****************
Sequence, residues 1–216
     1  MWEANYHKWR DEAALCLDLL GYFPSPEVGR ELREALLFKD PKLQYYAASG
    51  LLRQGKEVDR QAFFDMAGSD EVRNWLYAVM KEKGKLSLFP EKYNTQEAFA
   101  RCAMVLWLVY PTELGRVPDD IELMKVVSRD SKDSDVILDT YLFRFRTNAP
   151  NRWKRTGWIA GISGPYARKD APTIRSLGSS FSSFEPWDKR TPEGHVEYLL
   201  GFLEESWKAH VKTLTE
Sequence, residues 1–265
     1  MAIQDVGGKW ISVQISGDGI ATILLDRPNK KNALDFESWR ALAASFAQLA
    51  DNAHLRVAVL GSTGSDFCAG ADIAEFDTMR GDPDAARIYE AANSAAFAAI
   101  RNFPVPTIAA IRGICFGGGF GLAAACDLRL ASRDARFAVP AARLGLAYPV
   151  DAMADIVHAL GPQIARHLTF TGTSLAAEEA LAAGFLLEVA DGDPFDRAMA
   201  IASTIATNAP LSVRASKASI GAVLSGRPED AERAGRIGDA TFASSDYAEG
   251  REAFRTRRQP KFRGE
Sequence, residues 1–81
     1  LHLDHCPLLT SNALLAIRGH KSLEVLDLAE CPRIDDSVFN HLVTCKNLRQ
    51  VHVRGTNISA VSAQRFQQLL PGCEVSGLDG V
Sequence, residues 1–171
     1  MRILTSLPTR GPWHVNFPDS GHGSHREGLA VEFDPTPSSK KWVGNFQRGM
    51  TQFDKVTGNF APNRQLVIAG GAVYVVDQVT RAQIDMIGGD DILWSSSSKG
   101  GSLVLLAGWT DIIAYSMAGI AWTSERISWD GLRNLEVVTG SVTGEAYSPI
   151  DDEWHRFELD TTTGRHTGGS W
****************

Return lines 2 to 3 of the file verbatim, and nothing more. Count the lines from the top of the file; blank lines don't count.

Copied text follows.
     1  MWEANYHKWR DEAALCLDLL GYFPSPEVGR ELREALLFKD PKLQYYAASG
    51  LLRQGKEVDR QAFFDMAGSD EVRNWLYAVM KEKGKLSLFP EKYNTQEAFA